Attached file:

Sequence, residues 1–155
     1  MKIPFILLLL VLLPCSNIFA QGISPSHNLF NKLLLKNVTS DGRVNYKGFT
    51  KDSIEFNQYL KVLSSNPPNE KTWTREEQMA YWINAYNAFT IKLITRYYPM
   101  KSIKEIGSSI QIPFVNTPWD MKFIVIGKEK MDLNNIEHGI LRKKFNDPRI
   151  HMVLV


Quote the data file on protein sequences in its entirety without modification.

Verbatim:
Sequence, residues 1–155
     1  MKIPFILLLL VLLPCSNIFA QGISPSHNLF NKLLLKNVTS DGRVNYKGFT
    51  KDSIEFNQYL KVLSSNPPNE KTWTREEQMA YWINAYNAFT IKLITRYYPM
   101  KSIKEIGSSI QIPFVNTPWD MKFIVIGKEK MDLNNIEHGI LRKKFNDPRI
   151  HMVLV